One of the things that puts the novel into contention as the great American novel, apart from it’s being a detailed account of one of America’s traditional industries – whaling, in exploring the racial and cultural diversity of life aboard an American ship Melville was addressing significant American concerns, as America is essentially a nation fashioned from global diversity. It also focused sharply on the American concerns of class and social status and the position of God in the American mix.

The question, as always regarding the contenders for the great American novel slot, is what is this novel about – what is its meaning?

One of the novel’s most striking features is that the text is full of the taxonomy of the whaling industry – whales, boats, harpoons and other implements of the trade, in minute and unrelenting detail. Ishmael debates all those things, including the pros and cons of everything, in a double sided view that demonstrates the limitations of scientific knowledge and the impossibility of achieving certainty. It also establishes Ishmael’s  meditative and open-minded stance in contrast to Ahab’s dogmatic rigid and obsessive nature.

It’s unusual for anything written in America to feature black characters outside of the context of slavery but the topic is mentioned frequently. The crew of Pequod is as multiracial as any modern crew would be. Ishmael is afraid of the tattooed cannibal, Queequeg, at first but decides to  bunk with him on the basis that “better sleep with a sober cannibal than a drunken Christian.” However, the theme of race is explored mainly through the small cabin boy, Pip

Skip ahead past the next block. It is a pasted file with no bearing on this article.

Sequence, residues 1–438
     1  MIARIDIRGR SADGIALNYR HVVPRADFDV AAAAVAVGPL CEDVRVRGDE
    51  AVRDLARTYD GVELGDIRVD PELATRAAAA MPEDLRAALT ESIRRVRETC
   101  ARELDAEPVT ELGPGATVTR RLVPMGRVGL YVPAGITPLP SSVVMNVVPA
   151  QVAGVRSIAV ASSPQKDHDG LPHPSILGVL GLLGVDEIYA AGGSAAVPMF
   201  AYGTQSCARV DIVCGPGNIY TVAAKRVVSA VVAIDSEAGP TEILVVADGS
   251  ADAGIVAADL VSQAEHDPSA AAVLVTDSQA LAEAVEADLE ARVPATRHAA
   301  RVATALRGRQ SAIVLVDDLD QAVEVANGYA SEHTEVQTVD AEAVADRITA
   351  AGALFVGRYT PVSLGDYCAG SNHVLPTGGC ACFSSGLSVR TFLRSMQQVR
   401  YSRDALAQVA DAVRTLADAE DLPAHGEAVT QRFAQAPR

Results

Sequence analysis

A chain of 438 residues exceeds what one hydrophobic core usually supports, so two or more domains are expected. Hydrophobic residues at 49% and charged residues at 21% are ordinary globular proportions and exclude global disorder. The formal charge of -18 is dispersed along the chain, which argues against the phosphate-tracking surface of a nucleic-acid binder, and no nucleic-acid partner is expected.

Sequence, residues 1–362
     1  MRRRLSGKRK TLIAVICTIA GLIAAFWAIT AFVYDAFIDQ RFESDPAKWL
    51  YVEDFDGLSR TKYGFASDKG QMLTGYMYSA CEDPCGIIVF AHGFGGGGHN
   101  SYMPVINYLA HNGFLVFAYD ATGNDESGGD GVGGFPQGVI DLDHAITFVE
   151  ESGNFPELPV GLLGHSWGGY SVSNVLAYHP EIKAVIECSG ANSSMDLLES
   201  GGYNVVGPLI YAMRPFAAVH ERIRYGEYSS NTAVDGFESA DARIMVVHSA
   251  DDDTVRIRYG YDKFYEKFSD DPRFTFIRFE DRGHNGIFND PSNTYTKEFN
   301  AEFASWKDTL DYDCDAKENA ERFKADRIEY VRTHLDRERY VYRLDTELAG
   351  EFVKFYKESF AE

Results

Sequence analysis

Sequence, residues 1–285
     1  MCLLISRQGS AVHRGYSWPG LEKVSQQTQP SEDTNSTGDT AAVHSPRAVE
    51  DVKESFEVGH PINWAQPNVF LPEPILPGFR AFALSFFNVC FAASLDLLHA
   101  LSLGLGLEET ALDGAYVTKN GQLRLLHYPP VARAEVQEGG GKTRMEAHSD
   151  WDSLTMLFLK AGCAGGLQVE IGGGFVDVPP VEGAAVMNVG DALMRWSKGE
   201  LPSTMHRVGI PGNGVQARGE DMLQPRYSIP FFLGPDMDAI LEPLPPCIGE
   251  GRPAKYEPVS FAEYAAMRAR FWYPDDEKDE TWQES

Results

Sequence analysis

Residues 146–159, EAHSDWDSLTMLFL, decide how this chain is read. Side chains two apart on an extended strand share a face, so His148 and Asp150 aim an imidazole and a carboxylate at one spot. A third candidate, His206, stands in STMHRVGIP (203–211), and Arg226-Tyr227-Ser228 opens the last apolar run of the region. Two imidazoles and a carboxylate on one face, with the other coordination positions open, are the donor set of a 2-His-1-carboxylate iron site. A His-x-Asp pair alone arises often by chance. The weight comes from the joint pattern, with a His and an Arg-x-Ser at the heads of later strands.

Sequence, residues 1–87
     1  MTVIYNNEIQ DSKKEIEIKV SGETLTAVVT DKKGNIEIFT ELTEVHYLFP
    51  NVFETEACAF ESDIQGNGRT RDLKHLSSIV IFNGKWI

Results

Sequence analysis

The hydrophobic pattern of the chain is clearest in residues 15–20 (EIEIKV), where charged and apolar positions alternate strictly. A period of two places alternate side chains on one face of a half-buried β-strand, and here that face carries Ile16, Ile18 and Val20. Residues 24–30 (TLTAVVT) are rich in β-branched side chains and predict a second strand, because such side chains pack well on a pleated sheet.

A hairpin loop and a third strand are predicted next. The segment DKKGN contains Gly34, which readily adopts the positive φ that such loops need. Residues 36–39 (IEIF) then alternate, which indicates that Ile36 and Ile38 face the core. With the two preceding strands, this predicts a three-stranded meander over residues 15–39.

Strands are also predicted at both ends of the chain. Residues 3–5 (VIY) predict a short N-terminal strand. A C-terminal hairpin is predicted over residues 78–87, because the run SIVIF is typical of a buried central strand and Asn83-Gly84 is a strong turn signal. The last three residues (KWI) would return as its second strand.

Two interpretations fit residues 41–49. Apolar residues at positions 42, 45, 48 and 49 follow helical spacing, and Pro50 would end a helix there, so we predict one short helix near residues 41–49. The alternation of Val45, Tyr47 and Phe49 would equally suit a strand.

The difficulty of seeing and understanding is a central theme. That difficulty makes it hard to discover reality and impossible to pin truth down. An example of the way that works is in Chapter 99,  where everyone perceives the coin (the doubloon) in a different way, each one seeing it as it’s shaped by his own personality.

The age-old theme of human beings versus nature is played out in Moby-Dick as something that can’t really be properly considered, as neither can be perfectly understood. The crew members are incapable of understanding their own nature as human beings: their emotions range from cheerful resignation to despair when they consider their fate and find it uncertain.